The prison is exclusively for members of the MS-13. The government’s heavy-handed attempt to curb gang violence through the so-called La Mano Dura [hard handed] policies through the 2000’s, led to overcrowded prisons, where members of different gangs literally killed each other. To avoid civil war-like conditions inside the walls, the authorities separated the gangs and placed the groups in prisons of their own.
But new facilities weren’t created, and the Chalatenango prison, which has capacity for 400 prisoners, now houses 1,256 members of the MS-13.
From the small, dark cells, many pairs of dark eyes looked out from shaved heads, tattoos dancing across faces and bare torsos in the shadows. I tried to talk to a couple of the prisoners, but the conversations were brief, and the inmates turned away when I took out the camera.
Roses on the Wall
Out in the neat and clean courtyard the bright light dazzled me. There were some well-tended, seemingly newly planted plants. A small group was busy painting murals of meter-high roses. I tried to exchange a few words with the painters, but they were too focused on their work.
“They are busy beautifying the prison for Mother’s Day,” explained a young man with friendly and lively eyes under a bandana and a cap.
The inmates themselves fix almost all infrastructure, they repair damages, they paint – and they themselves finance almost all of it, according to Guillermo.
He introduced himself as Guillermo, alias “El Negro,” one of the four spokespeople of the prisoners. His most important duties include communicating with the prison director and mediating between the prisoners and the outside world. “That way people better can understand how we live,” he explained. “And that is the best way for me to help my ”brotheres”,” he added, smiling.
He was also coordinating the painting of the roses for Mother’s Day, and the very necessary improvements of the prison´s facilities in general. Or, as he put it: “We are squeezed completely together here, the conditions are not suitable for humans. During the rainy season, the whole thing collapses.”
Prison Improvements and the conditions of the prisoners are the most important demands of the gangs, as part of the truce. So far, one important thing has been achieved: the military, which previously operated inside the prisons, was removed. “They violated human rights all of the time,” according to Guillermo.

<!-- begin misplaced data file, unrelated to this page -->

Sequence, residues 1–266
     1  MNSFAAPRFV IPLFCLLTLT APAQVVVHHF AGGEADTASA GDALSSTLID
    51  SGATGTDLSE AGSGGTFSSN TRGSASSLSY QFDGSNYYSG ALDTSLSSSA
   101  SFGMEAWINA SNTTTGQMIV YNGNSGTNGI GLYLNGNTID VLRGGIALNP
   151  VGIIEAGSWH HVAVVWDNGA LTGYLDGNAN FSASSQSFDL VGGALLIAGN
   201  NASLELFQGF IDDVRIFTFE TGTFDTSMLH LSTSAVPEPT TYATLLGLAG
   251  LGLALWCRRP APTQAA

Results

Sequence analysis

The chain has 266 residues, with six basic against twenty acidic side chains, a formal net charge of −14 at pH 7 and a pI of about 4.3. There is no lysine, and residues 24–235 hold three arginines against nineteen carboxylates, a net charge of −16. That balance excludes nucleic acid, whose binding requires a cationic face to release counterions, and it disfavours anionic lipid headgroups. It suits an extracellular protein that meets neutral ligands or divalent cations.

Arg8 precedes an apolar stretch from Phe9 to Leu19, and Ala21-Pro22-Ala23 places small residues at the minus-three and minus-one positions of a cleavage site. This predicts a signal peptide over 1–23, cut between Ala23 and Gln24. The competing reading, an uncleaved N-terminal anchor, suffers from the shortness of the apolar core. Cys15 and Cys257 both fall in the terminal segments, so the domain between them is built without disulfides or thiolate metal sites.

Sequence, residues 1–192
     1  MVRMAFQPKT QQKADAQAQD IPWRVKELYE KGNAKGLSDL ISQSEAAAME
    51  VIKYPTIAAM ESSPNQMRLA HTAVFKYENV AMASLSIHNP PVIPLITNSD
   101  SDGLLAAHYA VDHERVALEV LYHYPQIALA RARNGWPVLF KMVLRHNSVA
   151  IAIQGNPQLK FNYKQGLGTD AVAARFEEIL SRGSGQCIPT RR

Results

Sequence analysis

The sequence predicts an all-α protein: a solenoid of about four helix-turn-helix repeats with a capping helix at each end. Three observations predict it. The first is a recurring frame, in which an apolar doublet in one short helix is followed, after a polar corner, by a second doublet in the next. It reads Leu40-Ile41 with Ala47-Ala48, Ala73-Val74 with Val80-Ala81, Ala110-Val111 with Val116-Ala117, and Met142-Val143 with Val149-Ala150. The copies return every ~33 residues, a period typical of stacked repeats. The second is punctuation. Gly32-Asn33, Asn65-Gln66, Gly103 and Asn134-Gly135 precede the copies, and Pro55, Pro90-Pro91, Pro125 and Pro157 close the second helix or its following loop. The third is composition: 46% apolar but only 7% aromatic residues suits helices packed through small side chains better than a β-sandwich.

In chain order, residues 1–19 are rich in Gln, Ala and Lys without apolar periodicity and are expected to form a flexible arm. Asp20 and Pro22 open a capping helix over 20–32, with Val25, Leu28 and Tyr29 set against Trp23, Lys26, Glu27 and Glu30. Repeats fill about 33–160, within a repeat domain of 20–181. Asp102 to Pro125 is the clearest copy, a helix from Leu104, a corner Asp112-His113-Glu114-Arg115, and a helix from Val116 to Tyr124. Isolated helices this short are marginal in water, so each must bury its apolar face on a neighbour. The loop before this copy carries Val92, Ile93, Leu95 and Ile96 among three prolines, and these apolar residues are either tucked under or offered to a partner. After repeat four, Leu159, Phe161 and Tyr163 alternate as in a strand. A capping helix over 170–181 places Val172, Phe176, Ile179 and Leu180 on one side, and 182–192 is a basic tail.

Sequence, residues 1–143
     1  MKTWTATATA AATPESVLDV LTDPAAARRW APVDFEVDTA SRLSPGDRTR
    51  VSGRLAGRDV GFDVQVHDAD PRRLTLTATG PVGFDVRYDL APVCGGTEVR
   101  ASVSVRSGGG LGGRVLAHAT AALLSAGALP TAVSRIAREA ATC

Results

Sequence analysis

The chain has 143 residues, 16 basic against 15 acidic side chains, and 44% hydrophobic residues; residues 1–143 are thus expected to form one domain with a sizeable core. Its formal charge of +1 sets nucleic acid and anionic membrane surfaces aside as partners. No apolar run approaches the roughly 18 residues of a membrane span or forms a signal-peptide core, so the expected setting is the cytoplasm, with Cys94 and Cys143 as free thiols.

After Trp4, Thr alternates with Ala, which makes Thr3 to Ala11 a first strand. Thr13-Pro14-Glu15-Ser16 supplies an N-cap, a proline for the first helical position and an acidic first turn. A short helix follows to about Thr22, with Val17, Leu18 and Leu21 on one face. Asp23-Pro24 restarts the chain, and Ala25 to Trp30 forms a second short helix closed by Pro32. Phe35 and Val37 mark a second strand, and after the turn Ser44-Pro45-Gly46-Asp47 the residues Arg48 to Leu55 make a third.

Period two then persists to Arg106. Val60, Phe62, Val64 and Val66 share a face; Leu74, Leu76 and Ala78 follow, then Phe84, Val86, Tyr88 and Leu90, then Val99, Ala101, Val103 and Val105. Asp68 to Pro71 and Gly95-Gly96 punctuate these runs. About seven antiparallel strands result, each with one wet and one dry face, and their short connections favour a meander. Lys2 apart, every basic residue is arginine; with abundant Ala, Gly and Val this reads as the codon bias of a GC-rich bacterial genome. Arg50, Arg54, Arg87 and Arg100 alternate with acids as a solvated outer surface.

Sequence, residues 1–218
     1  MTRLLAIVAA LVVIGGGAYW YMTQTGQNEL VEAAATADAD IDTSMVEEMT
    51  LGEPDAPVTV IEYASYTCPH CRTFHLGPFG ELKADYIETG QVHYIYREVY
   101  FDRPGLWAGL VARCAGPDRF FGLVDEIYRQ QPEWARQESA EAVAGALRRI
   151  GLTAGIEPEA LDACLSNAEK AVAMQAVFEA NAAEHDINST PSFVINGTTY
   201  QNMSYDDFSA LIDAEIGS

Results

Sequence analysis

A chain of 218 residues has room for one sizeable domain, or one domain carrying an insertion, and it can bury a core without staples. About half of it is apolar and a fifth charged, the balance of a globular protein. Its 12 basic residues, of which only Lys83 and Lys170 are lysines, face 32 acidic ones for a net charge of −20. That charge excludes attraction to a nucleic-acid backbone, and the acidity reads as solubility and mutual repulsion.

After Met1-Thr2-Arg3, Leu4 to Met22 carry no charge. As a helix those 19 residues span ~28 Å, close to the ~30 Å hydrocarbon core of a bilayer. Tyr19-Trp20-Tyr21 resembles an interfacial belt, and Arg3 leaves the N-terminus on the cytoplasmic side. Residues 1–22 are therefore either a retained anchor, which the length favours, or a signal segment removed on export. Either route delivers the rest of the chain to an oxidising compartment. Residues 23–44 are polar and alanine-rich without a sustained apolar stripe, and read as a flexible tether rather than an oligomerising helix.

Another aspect is the legal system, which currently penalizes gang members who commit crimes much more severely than other civilians. Guillermo had been sentenced to 20 years for extortion. That is twice of what a non- gang member would get for the same crime, according to the anti-gang-law, introduced by President Mauricio Funes in 2010.
Guillermo’s hope is that the truce will lead to the improvement of prisoners’ rights, changed laws and more lenient penalties:
“I am aware of the fact that I made a mistake and I’m paying for it; therefore, I am in jail. I don’t ask to be freed, but I would like a little more merciful punishment,” says the 28-year-old, who still has 16 years left of his sentence.
Part of the Solution
“As gang members, we are marginalized and don’t count as real people. And as an ‘outcast’ you become frustrated and lose the ability to look ahead,” he reflected.
He wishes that the world had more confidence in him and his comrades: “Think more of us as human beings. We can contribute to the solution, of creating peace in El Salvador,” he urged.
Back in Planes de Renderos, Sagrario Tejada de González explains that most of the workers at the gas station come from the neighbouring community of Panchimalco, which struggles with poverty and gang controversies.
“There are many single mothers who have a hard time today,” she said. “Society does not appreciate the efforts they are making; they are neglected. They might have sons who are gang-members and who would like to bring them something on Mother´s Day. But since the boys are involved in [gangs] there might be obstacles.” Unfortunately for Salvadoran mothers and sons, these obstacles too often consist of gang violence, the justice system and prison walls.
Erika Brenner is a Finnish freelance journalist writing from Central America, erikabrenner.wordpress.com.